But because it is no longer possible for American capitalism to grow simply by exploiting other nations, while buying the passivity and acquiescence of the American masses at home by minimally allowing them to have some small part of the gains (the old trickle-down idea), economic growth now inevitably requires the impoverishment and progressive disempowerment of most Americans. Vastly more powerful corporate interests, having implanted the ideology of “growth is good,” are now demanding that we accept lower wages, less freedom and empowerment on the job, less safety, more environmental degradation, less health care, less quality education, less security in our old age. Our ability to pursue happiness, in other words, has also fallen victim to the unbridled pursuit of growth.

This is of course absurd. For tens of thousands of years human beings lived, built families, laughed, loved, created music and dance and art and found happiness in their lives. They did this with no growth, or at least with growth so slow that no one would have noticed it happening. It is only in the last perhaps few hundred years that growth has become an all-encompassing obsession of the rich and powerful — to be had at any cost. And happiness, liberty, and in the end life, are all being lost in that mad pursuit of ever more profit and wealth. In many countries these three values simply don’t exist. In the US we still have life, a little liberty, and some shot at happiness, but it’s all under grave threat.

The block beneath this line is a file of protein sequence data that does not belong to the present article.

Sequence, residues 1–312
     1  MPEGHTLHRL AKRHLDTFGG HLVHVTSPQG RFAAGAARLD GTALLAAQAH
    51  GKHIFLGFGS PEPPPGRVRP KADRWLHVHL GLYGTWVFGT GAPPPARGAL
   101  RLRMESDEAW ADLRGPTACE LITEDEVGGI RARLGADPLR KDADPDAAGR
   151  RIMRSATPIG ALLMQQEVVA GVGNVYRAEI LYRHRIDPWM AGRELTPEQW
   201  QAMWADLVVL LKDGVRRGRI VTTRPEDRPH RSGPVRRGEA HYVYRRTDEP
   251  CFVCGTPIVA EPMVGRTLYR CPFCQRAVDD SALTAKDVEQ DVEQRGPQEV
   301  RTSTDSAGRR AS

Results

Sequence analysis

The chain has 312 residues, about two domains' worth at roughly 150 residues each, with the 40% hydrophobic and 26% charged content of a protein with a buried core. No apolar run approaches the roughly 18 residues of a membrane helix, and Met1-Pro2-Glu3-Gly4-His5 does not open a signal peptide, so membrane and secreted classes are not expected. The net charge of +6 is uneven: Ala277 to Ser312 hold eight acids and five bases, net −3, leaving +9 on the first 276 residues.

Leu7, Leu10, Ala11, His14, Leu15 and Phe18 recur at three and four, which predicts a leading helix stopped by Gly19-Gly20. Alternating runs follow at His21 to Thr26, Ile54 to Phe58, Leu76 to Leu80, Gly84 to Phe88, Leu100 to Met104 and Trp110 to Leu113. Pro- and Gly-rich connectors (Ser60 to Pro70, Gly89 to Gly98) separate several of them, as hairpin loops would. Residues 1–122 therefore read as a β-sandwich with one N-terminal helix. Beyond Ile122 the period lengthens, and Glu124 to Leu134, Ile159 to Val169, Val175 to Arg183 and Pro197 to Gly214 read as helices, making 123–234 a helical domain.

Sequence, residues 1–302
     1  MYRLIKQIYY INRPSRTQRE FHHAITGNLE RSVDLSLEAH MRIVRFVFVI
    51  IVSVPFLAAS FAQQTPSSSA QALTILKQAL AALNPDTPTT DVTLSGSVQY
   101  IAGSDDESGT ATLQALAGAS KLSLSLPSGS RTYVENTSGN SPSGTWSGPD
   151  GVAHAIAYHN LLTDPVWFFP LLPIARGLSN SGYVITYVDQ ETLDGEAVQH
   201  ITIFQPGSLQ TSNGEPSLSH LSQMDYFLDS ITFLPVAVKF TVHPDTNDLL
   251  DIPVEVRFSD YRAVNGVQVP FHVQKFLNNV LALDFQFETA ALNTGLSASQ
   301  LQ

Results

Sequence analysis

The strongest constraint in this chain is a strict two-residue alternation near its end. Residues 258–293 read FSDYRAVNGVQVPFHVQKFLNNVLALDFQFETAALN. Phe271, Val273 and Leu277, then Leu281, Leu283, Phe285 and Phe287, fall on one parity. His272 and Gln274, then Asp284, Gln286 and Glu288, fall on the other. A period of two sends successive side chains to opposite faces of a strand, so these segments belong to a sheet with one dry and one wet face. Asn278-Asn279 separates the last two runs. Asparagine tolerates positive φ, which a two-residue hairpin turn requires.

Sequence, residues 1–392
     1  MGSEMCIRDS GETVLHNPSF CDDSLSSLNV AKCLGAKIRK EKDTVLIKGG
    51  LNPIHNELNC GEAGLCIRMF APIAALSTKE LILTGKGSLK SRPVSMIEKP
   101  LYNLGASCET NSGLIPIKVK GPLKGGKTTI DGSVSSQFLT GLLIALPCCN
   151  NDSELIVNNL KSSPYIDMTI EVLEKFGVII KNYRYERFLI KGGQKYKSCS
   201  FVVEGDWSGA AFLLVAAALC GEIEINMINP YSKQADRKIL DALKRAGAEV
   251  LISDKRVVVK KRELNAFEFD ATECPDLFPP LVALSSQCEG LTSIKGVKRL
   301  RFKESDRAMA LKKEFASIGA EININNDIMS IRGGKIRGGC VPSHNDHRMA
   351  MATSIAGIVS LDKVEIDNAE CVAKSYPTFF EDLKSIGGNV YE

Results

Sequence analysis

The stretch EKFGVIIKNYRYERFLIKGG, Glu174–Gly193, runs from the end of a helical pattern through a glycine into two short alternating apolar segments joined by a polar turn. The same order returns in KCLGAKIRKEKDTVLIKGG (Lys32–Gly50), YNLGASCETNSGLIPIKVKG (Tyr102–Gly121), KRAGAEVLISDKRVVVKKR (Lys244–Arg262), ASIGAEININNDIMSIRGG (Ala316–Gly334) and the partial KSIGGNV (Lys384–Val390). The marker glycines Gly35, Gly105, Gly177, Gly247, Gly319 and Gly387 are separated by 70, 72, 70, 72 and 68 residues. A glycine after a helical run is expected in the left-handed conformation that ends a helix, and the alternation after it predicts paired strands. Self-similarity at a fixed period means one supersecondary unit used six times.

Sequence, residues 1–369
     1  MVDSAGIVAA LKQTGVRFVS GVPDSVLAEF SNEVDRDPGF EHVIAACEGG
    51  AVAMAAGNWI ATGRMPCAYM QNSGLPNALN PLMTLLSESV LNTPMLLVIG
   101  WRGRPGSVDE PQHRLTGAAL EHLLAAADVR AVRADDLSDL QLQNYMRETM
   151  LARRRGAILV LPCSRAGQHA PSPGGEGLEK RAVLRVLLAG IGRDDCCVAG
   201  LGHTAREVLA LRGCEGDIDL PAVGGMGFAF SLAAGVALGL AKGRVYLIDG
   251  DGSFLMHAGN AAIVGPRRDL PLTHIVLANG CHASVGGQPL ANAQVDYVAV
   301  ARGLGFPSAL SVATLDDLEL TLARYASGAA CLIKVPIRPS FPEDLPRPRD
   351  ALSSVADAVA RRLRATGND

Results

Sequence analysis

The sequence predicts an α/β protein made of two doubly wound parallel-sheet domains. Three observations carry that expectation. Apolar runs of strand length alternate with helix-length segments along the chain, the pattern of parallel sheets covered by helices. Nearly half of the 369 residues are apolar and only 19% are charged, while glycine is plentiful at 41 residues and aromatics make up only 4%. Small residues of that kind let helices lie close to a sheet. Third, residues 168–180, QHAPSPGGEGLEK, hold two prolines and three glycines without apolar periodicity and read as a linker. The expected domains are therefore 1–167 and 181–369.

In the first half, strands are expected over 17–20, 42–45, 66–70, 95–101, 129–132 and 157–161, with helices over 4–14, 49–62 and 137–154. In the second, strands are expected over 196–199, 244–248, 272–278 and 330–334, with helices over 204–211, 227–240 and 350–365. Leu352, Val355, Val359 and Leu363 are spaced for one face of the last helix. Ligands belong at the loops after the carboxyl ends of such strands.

Now the ideologues of growth will argue that mankind is much better of thanks to all that growth, but the truth is that of the world’s seven billion people, some two billion currently live in brutal, abject poverty. As Clive Hamilton, author of the book Requiem for a Species: Why We Resist the Truth about Climate Change, recently told journalist Chris Hedges, that number of immiserated people is greater than the entire population of the earth in 1900.

Some progress!

It’s hard to believe that hordes of Americans were mindlessly chanting “drill baby drill!” even as the oil from the leaking BP rig in the Gulf of Mexico was spewing into that vital body of water, that millions just voted for members of Congress who are committed to undermining Social Security and destroying it as a guarantor of a basic survival level of income for hundreds of millions of retirees, that Americans overwhelmingly voted for the re-election of a president who has for four years refused to do anything meaningful to stop the rampant production and release into the atmosphere of ever greater amounts of carbon dioxide, even to the point of pushing for more production of oil and expanded use of coal as a fuel. And yet sadly, most Americans have swallowed the propaganda that growth is a unquestionable good in and of itself, and that they must be willing to sacrifice their rights, their health and safety and their future security, not to mention in many cases their young sons and daughters, in pursuit of it.

This assault on these three crucial rights must be stopped. We Americans must wake up to the reality that growth in a finite world, far from being a good thing, inevitably means less life and liberty, and a very reduced opportunity to pursue happiness.